Mr Byers said: "There are concerns about the way employees find out about large-scale redundancies and the lack of consultation. I share these concerns. It is unacceptable for people to learn from a local radio station that they are to lose their jobs. Our legislation does set down requirements for consultation but I want to look at whether it is effective and whether it could be improved. We need to look very carefully at how the provisions have operated in practice and to consider the steps necessary to provide our own solution to this issue."
The existing legislation on redundancy consultation, set out in sections 188-198 of the Trade Union and Labour Relations (Consolidation) Act 1992, was last amended in 1999 (UK9910134F). The UK's legislation on European Works Councils - the Transnational Information and Consultation of Employees Regulations 1999- came into force in January 2000 (UK0001146N).
Reaction from employers and unions
TUC general secretary John Monks said in a statement: "We welcome the opportunity to take part in the government's review of redundancies with the CBI. It's far too easy for multinationals to shed their UK workers and unacceptable that employees facing the sack often hear it first from the media, not their employer. We believe that the European Directive on information and consultation remains the best way forward, but we certainly see today's announcement as progress."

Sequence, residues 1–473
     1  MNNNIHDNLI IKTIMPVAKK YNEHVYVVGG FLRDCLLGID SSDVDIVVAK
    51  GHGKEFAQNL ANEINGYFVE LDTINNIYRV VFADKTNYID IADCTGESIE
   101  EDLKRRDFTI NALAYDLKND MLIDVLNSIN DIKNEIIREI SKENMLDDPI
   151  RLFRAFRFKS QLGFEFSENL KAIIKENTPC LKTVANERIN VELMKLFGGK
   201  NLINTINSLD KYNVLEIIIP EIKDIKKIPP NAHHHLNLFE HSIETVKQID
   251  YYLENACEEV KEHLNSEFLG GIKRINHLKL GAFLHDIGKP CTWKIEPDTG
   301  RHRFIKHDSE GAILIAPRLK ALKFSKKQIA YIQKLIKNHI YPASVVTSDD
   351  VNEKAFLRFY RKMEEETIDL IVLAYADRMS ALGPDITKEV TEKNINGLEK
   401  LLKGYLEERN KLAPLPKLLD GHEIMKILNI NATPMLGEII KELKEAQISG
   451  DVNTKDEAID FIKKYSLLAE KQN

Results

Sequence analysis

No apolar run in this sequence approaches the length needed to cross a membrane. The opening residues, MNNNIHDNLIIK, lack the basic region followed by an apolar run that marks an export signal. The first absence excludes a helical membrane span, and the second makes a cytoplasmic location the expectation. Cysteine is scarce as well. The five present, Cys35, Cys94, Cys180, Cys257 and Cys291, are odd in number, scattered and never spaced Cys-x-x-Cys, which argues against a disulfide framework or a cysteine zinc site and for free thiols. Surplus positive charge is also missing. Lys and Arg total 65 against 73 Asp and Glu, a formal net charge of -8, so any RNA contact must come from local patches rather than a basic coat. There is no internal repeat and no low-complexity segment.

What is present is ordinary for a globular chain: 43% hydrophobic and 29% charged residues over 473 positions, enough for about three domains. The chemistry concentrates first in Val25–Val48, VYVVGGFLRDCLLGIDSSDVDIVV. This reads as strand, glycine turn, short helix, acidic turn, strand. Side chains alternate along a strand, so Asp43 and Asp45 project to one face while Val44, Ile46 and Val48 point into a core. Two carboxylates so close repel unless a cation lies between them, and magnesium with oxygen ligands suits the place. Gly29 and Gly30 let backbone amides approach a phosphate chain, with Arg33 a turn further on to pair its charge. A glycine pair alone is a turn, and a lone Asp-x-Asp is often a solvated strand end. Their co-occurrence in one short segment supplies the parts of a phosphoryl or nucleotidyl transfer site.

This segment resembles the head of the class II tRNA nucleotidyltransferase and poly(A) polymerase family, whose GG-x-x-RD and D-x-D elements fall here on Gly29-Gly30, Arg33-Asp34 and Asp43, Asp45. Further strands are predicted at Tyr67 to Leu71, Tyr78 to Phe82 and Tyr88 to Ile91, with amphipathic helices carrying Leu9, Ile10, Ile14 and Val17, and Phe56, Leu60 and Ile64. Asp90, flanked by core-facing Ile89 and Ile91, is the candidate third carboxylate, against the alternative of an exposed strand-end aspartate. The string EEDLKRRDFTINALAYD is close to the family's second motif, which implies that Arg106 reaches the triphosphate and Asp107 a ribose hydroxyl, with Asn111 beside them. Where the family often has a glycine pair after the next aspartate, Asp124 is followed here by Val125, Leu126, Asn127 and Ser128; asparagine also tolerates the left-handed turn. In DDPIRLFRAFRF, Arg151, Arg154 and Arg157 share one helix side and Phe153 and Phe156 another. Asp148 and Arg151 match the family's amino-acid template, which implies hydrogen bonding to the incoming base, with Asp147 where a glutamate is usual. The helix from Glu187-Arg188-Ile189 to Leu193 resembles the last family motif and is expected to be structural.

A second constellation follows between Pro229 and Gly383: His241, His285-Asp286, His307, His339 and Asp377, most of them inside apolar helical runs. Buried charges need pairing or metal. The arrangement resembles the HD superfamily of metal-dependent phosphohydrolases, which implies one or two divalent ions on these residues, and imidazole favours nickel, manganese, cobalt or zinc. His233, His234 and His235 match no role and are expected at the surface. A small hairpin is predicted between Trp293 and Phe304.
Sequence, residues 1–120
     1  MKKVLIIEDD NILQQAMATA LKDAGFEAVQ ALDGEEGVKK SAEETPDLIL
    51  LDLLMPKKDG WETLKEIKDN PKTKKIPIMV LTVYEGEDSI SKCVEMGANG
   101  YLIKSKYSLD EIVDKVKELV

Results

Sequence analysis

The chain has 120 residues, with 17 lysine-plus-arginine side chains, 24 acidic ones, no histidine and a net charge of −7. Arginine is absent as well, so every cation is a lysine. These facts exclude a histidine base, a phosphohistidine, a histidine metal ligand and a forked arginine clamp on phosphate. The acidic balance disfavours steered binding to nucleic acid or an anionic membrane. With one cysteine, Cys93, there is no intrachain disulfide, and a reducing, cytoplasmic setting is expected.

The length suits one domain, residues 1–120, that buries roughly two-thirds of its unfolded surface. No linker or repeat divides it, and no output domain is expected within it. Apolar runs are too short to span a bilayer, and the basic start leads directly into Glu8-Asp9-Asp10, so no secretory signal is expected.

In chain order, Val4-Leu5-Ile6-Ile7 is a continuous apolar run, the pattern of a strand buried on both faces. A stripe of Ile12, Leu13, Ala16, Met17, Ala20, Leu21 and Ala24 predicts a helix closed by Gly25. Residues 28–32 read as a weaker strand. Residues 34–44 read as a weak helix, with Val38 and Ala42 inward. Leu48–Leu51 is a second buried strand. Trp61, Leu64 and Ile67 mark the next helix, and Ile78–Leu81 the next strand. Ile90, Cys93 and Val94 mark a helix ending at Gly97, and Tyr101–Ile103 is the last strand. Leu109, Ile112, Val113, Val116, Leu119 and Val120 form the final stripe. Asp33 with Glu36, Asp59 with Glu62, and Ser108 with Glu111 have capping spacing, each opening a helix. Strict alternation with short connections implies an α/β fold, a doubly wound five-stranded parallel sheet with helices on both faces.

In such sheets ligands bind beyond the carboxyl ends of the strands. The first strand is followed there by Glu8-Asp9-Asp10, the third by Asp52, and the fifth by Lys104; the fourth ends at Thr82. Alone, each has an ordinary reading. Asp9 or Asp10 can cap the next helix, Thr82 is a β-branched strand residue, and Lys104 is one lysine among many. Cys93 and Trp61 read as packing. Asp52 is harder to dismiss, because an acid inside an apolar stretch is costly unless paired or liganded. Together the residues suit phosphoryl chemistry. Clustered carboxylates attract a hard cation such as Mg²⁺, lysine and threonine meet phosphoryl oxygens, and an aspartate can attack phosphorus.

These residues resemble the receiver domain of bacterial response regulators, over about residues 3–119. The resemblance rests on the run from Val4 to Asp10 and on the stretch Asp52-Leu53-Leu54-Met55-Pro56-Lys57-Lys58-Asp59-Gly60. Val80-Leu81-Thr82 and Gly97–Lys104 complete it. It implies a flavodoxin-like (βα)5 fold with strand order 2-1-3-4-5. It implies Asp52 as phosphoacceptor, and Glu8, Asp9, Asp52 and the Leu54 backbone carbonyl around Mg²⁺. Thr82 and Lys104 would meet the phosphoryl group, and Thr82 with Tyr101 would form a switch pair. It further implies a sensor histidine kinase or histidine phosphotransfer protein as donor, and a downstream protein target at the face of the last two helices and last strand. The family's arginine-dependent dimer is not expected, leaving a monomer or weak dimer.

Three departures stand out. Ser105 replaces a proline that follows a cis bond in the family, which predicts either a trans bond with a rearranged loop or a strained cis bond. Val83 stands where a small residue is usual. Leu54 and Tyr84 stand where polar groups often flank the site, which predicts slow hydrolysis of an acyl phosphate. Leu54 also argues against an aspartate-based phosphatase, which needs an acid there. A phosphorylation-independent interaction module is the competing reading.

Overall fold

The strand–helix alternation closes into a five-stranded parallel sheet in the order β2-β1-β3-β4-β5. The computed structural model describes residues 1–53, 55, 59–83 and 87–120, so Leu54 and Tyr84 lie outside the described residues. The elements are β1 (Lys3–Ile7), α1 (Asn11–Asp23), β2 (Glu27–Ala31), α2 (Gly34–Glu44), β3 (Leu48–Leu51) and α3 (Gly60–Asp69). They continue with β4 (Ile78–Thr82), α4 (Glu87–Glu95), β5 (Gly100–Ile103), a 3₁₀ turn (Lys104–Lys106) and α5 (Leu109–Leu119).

Digby Jones, director-general of the CBI, was quoted by the Financial Times as saying that he was prepared to discuss "fine-tuning" the legislation which is "already pretty demanding".
Growing pressure for stronger consultation rights